A Message from the Dean
As you know, February is Black History Month. The national theme is “Black Health and Wellness.” In some classes and other activities, we will recognize and celebrate the achievements of many Black scholars and medical practitioners throughout the African Diaspora. Take the time to research the inspiring work in the areas of health and wellness by those who have made a tremendous contribution, such as educator Mary McLeod Bethune and social worker Dorothy Height.
Mary Jane McLeod Bethune (1875–1955) became one of the most important civil rights leaders of the 20th century. She was a lifelong educator working as a teacher before founding Bethune Cookman College, which set educational standards for today’s Black colleges. She became the highest-ranking African American woman in government when President Franklin Roosevelt named her director of Negro Affairs of the National Youth Administration. (source: WomensHistory.org)
Dorothy Height (1912–2010) was a women’s rights and civil rights advocate and is often referred to as “The godmother of the civil rights movement.” Height began her lifetime of advocacy by campaigning against lynching and as a social worker. She established the YWCA’s Center for Racial Justice, founded the National Women’s Political Caucus, led the National Council of Negro Women for 40 years, and co-organized the famous 1963 March on Washington. Throughout her life, she campaigned internationally for women’s rights, traveling to Mexico, India, and many countries in Africa. Height is the recipient of both the Presidential Medal of Freedom and the Congressional Gold Medal, among many other awards and honorary degrees. (source: Biography.org)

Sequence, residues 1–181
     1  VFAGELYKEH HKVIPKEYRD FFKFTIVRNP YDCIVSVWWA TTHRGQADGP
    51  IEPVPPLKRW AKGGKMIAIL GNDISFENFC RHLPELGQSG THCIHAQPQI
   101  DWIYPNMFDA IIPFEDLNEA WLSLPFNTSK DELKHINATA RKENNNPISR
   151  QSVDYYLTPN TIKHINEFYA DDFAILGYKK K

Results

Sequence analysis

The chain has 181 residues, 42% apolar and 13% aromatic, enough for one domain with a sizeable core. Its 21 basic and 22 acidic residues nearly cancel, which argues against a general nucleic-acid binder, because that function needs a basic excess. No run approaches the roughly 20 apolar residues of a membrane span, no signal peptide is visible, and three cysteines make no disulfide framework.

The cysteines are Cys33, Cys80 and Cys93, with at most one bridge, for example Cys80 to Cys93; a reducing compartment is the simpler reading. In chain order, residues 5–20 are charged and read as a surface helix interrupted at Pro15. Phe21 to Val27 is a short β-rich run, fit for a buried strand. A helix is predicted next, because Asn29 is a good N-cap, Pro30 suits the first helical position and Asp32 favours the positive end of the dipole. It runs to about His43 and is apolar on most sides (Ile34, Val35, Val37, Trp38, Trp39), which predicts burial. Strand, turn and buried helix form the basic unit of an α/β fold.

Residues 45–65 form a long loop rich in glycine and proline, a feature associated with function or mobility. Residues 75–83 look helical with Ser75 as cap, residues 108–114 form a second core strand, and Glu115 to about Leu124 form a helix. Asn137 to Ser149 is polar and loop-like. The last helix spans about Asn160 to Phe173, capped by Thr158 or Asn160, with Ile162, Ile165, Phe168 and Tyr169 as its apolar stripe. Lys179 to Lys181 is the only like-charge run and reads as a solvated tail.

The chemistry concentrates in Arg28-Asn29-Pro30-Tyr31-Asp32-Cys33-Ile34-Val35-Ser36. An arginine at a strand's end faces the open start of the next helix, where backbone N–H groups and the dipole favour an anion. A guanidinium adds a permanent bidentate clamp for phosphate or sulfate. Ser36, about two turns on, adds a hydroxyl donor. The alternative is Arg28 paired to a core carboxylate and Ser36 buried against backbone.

The celebration should not stop with learning more about historical figures. Also, consider incorporating activities into the month like those shared by the Unexpected Virtual Tours Team.
- Create a Black History Month playlist
- Have lunch at a Black-owned restaurant
- Volunteer with a Black-led nonprofit
- Amplify Black voices on social media
- Become a member of the NAACP
Our resources are abundant these days. We can learn so much from one another too. On campus we continue to share learning opportunities such as the spring 2022 Wednesday Writing Workshops. Even great writers benefit from a boost. The technique-filled workshops will help you to write more effectively and shorten the writing process. All workshops are on Wednesday evenings at 7 p.m. via Zoom. Visit Okta and log in to the Academic SupportNet. Click on the workshop you would like to attend and “add slot” to register. At the time of the workshop, log back in to your appointment to access the Zoom link.
Together we learn about our history and plan for our future.
Brenda J. Barnwell, DSW, LCSW, CADC, CODP I
Dean, School of Education and Social Work
P.S. The university will be emailing all students a brief "Your Voice Matters" Satisfaction Survey
during the week of February 7. This is an opportunity for you to provide feedback about your AU experience and offer suggestions about course offerings, resources, facilities, services, and more. Your voice truly does matter
. Survey feedback in the past has resulted in improvements to parking, food service, and expanded online offerings. Be sure to respond so you can be entered into drawings to win prizes, including gift cards for Amazon, Starbucks, and local restaurants.